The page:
With lots of guidance from our good friend/Positive Psychology and Philosophy guru Taylor Kreiss, this month we dug deep (like, really deep) into the theme of Integrity. Guided by many thoughtful researchers and writers at the Positive Psychology Center at UPenn, the Positive Psychology Program in The Netherlands, and the VIA Institute on Character, here are a few things we learned about integrity this month:
1. Outward matches inward.
This is where we begin. Outward matches inward. A simple definition that can be hard to put into practice at times. When we live with integrity, our actions and words reflect our convictions, what we feel, what we believe to be true and important. When have your values been challenged? When have you had to stand up for something you feel strongly about, and how did you react?
We consider this definition of Integrity further in our Curated Resources.
2. Start with what you know.
In order to live with integrity, we first have to have a clear sense of what’s important to us. Our values are shaped and reshaped throughout our lives as we grow, learn, and build life experience. It’s important to sit down from time to time and take stock of what values really matter to us. When we know with certainty what we care most about, we can better align our actions toward those things.
We work through an in-depth exercise to identify our core values in this month’s Integrity Guide.
3. Reflect on our tendencies towards inauthenticity.
We all let things slide from time to time. Maybe we put up a facade or tell a little white lie to protect ourselves from judgment, to avoid an awkward situation, or just to make getting through the day easier. Maybe we fail to answer honestly when someone asks us how we’re feeling, or pretend to have read a book we haven’t. These aren’t necessarily life-shattering, harmful lies, but they add a layer of inauthenticity to our interactions. The important thing is to reflect on why we do these things. When we analyze and question our moments of inauthenticity, we get closer to understanding our deeper fears and anxieties.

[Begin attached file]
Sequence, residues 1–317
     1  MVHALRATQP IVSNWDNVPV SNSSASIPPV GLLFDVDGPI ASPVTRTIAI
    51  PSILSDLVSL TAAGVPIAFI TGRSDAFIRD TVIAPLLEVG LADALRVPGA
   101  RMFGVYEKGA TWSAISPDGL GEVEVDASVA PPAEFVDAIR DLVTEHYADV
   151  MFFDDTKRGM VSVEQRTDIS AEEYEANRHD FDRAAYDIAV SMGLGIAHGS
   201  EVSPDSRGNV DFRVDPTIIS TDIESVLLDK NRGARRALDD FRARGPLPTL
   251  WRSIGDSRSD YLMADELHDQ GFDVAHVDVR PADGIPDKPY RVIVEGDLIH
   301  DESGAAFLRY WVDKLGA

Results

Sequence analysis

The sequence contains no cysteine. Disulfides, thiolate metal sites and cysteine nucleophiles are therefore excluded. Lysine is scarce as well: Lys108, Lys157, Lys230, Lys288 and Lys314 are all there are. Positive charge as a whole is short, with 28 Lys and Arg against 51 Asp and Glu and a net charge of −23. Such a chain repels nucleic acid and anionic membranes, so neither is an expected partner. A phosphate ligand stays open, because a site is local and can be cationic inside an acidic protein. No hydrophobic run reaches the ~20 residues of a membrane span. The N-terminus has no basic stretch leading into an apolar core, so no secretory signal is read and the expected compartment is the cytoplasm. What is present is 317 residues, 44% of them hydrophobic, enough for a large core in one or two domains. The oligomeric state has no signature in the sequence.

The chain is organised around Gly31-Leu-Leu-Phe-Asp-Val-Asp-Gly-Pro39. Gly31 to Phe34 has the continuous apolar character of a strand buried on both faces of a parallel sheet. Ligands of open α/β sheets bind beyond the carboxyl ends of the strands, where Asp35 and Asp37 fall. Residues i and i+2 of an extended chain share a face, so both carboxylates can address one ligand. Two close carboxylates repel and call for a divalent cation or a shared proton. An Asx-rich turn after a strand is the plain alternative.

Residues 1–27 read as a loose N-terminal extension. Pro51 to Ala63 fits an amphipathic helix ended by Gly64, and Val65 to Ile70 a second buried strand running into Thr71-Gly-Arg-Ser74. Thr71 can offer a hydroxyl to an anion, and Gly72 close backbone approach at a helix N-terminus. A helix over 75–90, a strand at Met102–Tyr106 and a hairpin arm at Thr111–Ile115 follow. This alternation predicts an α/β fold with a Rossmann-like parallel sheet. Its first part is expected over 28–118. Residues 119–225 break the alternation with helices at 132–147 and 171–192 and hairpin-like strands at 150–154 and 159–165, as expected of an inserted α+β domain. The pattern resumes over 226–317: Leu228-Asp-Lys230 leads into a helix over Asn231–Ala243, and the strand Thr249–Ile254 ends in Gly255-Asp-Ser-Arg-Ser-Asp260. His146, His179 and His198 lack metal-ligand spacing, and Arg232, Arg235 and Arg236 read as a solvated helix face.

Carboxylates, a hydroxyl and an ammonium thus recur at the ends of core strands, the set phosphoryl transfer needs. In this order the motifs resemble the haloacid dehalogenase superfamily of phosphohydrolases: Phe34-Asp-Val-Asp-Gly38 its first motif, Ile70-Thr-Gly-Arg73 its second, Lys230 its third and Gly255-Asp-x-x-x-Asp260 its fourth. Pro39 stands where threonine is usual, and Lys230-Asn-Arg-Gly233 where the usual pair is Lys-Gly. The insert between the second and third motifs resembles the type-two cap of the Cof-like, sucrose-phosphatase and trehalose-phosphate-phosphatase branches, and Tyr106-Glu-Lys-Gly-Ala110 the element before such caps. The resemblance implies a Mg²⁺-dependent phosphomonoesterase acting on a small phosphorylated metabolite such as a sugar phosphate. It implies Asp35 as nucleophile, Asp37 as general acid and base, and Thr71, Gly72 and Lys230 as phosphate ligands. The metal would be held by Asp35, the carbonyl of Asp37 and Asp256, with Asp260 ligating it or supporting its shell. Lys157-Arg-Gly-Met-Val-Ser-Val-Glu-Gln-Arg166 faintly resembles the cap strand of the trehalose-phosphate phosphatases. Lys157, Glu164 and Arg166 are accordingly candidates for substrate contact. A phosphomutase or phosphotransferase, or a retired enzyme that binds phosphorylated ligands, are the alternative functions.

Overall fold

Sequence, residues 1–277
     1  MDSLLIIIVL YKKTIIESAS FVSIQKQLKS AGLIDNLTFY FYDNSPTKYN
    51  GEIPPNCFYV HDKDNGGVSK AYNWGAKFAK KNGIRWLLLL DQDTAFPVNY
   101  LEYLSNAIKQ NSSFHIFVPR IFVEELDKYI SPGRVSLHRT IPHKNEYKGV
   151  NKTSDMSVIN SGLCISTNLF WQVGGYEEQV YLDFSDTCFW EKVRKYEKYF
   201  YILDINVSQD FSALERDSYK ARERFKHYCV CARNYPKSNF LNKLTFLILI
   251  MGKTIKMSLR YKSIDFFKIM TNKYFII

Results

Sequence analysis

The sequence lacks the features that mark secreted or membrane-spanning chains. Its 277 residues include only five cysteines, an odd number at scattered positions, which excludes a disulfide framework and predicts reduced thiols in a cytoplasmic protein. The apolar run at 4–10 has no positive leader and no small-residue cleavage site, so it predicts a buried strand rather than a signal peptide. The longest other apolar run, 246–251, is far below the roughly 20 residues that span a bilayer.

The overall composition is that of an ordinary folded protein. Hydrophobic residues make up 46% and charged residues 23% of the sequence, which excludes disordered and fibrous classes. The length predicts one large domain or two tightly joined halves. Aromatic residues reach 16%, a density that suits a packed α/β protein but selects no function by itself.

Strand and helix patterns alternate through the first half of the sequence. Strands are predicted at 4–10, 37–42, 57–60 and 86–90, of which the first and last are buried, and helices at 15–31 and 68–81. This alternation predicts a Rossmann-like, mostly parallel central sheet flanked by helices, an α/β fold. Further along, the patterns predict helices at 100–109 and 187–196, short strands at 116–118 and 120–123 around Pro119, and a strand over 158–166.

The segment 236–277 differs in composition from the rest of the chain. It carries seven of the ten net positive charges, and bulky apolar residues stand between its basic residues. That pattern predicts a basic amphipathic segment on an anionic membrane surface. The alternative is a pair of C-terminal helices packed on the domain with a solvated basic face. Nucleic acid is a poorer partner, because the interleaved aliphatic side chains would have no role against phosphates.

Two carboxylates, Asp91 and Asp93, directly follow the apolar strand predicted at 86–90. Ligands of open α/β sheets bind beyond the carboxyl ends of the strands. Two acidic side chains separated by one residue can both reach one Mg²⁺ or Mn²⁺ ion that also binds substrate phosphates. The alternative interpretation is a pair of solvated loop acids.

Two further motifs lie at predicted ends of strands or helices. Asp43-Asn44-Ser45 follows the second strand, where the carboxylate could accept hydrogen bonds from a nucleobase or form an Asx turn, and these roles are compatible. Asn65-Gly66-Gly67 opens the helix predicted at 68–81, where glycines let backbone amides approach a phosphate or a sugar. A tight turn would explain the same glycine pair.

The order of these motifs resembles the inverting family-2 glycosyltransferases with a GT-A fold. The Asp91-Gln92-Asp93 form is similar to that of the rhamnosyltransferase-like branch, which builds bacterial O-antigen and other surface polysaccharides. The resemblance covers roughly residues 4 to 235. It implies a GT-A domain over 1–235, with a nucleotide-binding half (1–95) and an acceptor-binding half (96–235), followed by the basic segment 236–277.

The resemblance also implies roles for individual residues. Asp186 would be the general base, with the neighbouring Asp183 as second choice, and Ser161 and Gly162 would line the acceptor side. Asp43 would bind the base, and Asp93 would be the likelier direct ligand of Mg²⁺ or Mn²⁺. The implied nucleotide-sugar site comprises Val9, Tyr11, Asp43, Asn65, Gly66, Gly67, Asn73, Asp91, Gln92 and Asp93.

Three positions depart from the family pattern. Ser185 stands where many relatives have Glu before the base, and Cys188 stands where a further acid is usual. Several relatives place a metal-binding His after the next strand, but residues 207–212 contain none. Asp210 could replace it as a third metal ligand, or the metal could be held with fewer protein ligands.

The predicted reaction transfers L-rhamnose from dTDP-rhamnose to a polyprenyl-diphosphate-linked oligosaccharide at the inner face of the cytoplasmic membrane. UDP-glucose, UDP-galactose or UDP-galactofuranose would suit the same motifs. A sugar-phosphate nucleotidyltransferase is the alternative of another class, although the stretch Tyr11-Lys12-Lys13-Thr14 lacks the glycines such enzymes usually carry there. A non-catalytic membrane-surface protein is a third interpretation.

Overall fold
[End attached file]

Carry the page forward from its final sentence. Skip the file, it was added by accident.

4. Ask the hard questions.
Our values and the things we care about are shaped by our experiences. We’re all (yes, all!) limited in our perspectives, and opening ourselves up to people and ideas that challenge our beliefs is essential and makes us more understanding and empathetic. Living with integrity means confronting our long-held beliefs and opinions, it means working to align those values towards goodness a little more each day. Often that involves asking tough questions and allowing ourselves to change. ❤️
5. Start with ourselves.
There is so much that happens in our lives and the world at large that we have no control over. As individuals, we can’t rid the world of all injustice, pain, or suffering. But we can start with ourselves.
On Being columnist Sharon Salzberg writes: “Committing to speaking truthfully and without the intention to do harm, to listening carefully to what others have to say and to remembering that all of us are struggling to make sense of a changing world, will allow us to stand strong amid the chaos. You cannot control the world, the country, your town, the mood swings of those you love, but you can try to create around you a little bit of space that is all your own, a place where the rules of interaction you’ve chosen make sense and your actions have integrity."
This beautiful passage reminds us that while our ability to change the world might be limited, it’s still something. Let’s start with ourselves, with every conversation, with every interaction, and those small changes will add up.
We explore the powerful impact of integrity in our Curated Resources this month.
Hey, Members. 👋 Don’t forget to check out this month’s theme page to access the Integrity Guide, Curated Resources, and the Integrity Art desktop and mobile art downloads to go a little deeper into each of these concepts and keep the theme at the front of your mind this month!
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Every month we select a few writers to help us explore what it means to live more fully and mindfully. Reach out to Jennifer, our Editor, at email@example.com to learn more about contributing.
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This article is part of our series on the theme of Integrity.EXPLORE Integrity
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